The present invention relates to accessing objects within the COM environment. In order to instantiate a COM class, the client must first grab hold of a pointer to a COM-compliant interface. The set of operations carried out to somehow retrieve a valid interface pointer to a live object is called binding. In the case where the client needs only a general instance of the class, this interface pointer is obtained by creating a new instance of the co-class through the well known CoCreateInstance( ) API provided by OLE, as demonstrated in the following code snippet:
IIntertace* pInterface = NULL;
// Error handling omitted
hr = CoCreateInstance(clsid, NULL, CSLCTX_ALL, IID_IInterface,
The function CoCreateInstance creates an instance of the identified class and receives a pointer to the IDispatch interface of that instance. The IDispatch interface allows for the invocation of methods that are bound to at run time.
The foregoing interface works well for instantiating objects. However, when the client needs to access an already-existing object (a specific instance), the CoCreateInstance function is not applicable. For example, in the case where an Excel™ application (client) links to a pre-stored Excel™ data file (specific instance), it will not do to instantiate a new object. Instantiating a new object creates a new version of that object—it does not access the specific instance.
Moreover, it is undesirable to employ the CoCreateInstance function because it requires the server to be actively involved in instantiating the relevant object. Recalling that the tenet of Object Oriented Programming is to establish independency between programs, it is unsatisfactory that the server be burdened with calling and passing parameters to the instantiation routine.
COM provides special programming objects called monikers that allow clients, such as an Excel™ application, to link specific instances of an object. In simplistic terms, a moniker is a smart name which stores that information which allows the client to locate and invoke the instance. In our Excel™ example, a call to the moniker that points to the Excel™ data file will automatically produce a pointer to the parent Excel™ application. In this case, the operating system will automatically launch the Excel™ application and link it to the Excel™ data file. The Excel™ application need not be concerned about the details of linking to the object.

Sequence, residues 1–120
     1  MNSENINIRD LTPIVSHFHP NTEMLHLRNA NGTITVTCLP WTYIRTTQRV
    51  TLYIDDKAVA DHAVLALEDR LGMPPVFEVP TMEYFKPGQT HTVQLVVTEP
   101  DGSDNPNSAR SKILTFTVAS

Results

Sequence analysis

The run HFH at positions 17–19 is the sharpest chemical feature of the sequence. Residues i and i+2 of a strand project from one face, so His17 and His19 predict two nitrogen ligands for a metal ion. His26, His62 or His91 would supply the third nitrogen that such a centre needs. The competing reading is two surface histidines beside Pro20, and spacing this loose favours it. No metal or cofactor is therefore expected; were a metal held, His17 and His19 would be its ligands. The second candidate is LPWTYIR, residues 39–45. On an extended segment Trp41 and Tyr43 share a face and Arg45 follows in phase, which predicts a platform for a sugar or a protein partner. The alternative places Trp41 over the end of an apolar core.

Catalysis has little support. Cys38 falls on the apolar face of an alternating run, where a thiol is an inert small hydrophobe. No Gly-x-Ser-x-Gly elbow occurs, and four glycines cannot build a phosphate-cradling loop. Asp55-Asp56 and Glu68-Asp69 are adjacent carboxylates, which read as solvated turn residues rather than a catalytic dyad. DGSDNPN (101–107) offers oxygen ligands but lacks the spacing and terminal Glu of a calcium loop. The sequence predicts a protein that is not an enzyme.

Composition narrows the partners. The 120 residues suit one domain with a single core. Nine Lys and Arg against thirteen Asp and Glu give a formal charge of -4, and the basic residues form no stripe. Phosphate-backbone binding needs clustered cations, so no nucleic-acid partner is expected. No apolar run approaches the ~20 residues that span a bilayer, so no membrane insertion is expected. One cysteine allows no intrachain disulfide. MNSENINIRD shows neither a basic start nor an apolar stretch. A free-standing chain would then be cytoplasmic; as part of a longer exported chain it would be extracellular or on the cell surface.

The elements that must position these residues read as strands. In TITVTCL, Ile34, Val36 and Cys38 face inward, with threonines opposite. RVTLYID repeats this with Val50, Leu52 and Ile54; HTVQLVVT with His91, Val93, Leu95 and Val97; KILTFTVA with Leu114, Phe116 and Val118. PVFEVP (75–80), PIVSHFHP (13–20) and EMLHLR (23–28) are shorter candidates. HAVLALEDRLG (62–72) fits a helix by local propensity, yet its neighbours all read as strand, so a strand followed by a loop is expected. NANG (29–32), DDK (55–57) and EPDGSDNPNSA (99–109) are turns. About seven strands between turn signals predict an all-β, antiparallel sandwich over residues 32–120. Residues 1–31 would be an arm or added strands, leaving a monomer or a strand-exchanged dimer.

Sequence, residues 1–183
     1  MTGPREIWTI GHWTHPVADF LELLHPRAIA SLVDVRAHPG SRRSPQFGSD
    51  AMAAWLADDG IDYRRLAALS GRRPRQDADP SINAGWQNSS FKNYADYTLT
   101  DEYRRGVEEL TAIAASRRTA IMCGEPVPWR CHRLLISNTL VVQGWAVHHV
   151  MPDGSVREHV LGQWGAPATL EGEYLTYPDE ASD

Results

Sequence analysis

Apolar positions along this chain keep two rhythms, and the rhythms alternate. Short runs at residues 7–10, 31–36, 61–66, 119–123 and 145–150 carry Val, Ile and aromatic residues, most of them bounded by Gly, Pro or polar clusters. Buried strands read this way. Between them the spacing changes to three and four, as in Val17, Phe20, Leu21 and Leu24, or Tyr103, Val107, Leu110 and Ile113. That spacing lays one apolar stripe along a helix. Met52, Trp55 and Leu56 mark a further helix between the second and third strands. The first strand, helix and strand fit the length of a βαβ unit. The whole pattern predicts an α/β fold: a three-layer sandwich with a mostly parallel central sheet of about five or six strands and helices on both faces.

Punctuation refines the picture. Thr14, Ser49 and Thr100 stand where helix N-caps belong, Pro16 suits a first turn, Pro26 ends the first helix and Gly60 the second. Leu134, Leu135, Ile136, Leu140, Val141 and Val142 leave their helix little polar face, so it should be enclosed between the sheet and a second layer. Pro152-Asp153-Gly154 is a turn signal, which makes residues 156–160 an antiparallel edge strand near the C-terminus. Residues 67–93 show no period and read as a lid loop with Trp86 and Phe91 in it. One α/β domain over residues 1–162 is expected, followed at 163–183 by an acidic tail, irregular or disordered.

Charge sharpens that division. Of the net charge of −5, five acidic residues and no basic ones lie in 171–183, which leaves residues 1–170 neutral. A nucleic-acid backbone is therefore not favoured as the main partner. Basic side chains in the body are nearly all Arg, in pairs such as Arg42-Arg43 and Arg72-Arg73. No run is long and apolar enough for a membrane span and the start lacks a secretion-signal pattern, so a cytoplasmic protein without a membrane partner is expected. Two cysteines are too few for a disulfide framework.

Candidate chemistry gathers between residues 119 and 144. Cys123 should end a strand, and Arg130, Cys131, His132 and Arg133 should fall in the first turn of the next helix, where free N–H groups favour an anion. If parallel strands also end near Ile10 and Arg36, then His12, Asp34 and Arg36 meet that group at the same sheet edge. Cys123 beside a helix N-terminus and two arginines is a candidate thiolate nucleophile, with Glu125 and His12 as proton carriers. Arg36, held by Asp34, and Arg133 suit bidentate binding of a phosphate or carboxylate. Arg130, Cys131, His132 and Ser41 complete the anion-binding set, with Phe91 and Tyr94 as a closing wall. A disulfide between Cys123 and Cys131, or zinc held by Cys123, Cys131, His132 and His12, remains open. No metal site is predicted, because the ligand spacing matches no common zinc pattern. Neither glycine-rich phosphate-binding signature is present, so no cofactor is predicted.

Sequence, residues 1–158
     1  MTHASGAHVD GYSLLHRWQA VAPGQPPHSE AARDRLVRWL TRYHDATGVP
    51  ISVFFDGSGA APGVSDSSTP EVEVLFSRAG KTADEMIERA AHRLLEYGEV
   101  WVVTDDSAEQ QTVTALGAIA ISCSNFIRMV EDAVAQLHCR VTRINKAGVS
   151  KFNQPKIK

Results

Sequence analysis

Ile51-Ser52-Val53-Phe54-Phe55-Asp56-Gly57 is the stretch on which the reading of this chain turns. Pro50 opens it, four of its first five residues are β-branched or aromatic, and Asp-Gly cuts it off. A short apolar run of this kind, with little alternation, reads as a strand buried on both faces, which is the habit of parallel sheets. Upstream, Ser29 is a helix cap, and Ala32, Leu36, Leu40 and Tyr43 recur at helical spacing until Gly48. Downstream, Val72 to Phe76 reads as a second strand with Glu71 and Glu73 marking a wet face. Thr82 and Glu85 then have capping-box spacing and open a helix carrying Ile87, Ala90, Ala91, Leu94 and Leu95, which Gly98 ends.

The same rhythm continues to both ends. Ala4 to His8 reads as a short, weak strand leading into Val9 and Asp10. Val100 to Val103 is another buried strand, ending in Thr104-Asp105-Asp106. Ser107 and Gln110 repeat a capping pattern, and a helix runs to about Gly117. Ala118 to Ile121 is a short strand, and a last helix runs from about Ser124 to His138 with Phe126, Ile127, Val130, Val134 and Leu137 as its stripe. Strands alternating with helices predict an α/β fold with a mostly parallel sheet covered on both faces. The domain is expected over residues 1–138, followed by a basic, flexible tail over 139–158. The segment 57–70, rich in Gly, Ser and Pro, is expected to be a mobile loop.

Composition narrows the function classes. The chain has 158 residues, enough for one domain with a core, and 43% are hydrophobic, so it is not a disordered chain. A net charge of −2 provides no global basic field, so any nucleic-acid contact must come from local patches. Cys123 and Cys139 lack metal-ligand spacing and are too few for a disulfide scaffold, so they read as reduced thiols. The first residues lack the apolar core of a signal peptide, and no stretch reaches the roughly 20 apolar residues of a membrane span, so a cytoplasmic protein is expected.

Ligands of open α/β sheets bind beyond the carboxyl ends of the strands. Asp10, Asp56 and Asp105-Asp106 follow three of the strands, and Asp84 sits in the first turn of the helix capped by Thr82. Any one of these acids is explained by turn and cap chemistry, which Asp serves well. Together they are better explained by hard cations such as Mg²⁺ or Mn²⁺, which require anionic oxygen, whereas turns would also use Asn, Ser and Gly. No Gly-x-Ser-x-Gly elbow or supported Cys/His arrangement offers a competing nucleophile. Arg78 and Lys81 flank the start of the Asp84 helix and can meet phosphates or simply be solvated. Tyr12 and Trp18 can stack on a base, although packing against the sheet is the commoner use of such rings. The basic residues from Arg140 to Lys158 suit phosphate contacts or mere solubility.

Monikers, while useful, are limited because they operate within the COM environment. In particular, COM monikers call only those objects that are registered in the operating system. This is a problem because the objects themselves are responsible for registration. In the case where, for example, a peripheral element such as a PLC (Programmable Logic Controller) is connected to a personal computer (PC), the PLC has no conventional way in which to register itself with the operating system. In that case, the standard monikers are unable to provide a pointer to the clients of the operating system for linking to the PLC. This is particularly true for a PLC that is remotely connected.
Another problem is that monikers automatically instantiate the object whether or not the object is already running. In the PLC™ example, the moniker would cause the PLC to be automatically instantiated. This is very dangerous because it may cause an otherwise dormant PLC to come “alive” and activate machinery connected thereto. This could have disastrous results in a manufacturing environment.
There is needed a means by which already-running specific instances, particularly of the kind heretofore described, are linked to client applications that reside on an operating server particularly where the object has not registered itself with the operating system. It is important that any such means operate within the bounds of the ideology of maintaining independency between the servers and clients as proscribed by Object Oriented Programming.
It is an object of the present invention to access programming objects.
It is another object of the present invention to access specific instances of programming objects.
It is yet another object of the present invention to access unregistered specific instances of programming objects.
It is still another object of the present invention to access already-running programming objects.
It is quite another object of the present invention to access programming objects associated with a PLC.